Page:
Neo-noir is a tricky genre, one where too many plot twists will sabotage even the most evocative story. But try to overlook the increasingly incredulous pretzel logic of this adaptation of Matthew F. Jones’s acclaimed novel, a searing slice of white-trash existentialism slathered with atmosphere and bathed in a crepuscular light that’s boldly bleak. John Moon (Sam Rockwell), a dirt-poor backwoods hunter in a hardscrabble rural town, accidentally shoots dead a young female drifter and discovers that she was hiding a lockbox stuffed with cash. He’s sickened by the murder but sees the loot as his last, best chance to win back his estranged wife (Kelly Reilly) and their two-year-old son. But bad behavior rarely goes unpunished, and villains soon start coming out of the woodwork.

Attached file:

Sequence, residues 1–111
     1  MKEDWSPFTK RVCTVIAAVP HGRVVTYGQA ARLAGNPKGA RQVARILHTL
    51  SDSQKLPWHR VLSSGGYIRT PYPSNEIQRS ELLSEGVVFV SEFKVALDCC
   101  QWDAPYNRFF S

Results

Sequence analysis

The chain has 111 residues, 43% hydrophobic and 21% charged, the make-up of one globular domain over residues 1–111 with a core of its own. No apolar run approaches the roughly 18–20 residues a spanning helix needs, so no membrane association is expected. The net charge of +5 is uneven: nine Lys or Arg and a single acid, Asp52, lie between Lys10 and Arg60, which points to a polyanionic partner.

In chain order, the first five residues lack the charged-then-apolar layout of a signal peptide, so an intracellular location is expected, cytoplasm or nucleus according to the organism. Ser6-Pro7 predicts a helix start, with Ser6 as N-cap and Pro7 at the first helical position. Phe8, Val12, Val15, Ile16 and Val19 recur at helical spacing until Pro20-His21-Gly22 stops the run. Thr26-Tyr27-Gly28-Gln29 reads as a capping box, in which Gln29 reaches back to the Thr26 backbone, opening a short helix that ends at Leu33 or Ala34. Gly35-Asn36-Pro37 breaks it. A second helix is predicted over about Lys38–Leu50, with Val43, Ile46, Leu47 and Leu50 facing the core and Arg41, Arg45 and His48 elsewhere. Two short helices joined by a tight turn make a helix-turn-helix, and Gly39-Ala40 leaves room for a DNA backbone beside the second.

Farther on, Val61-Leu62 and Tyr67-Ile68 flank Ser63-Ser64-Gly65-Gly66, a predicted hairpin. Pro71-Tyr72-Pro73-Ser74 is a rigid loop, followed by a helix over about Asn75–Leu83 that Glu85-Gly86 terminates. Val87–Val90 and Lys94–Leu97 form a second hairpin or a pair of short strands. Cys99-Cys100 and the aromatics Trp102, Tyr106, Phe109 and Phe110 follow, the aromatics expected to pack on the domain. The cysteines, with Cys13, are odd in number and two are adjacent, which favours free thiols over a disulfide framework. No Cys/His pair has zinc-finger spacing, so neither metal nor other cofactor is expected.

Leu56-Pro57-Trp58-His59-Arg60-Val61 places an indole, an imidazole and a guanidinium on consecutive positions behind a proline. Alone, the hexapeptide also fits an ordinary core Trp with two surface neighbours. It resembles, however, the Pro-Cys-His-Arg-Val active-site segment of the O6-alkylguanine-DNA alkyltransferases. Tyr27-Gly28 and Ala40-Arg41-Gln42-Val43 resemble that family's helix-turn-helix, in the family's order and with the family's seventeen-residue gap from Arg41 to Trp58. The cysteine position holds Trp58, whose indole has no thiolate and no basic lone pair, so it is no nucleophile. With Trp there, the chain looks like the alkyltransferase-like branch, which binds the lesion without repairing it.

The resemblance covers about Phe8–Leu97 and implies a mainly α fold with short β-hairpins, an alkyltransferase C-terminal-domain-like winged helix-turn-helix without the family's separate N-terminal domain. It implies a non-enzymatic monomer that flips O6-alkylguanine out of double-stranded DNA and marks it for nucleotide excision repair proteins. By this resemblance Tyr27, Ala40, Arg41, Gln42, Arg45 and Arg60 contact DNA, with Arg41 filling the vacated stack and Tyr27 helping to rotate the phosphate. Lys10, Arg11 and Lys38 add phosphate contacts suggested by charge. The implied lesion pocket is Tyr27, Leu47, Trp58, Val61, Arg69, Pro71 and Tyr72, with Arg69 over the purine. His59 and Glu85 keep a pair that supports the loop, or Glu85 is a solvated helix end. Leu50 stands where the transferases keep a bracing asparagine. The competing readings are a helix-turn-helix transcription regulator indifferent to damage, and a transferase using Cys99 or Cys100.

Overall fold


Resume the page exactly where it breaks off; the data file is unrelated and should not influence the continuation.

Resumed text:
Rockwell’s performance is impressively flinty, as is the rest of the cast (including William H. Macy delivering some twitchy character work), and the dialogue sparkles with brilliantly colorful mountain-man slang. Despite its byzantine narrative, the film remains never less than absorbing, as the walls slowly close in on this good-hearted but ultimately flawed protagonist.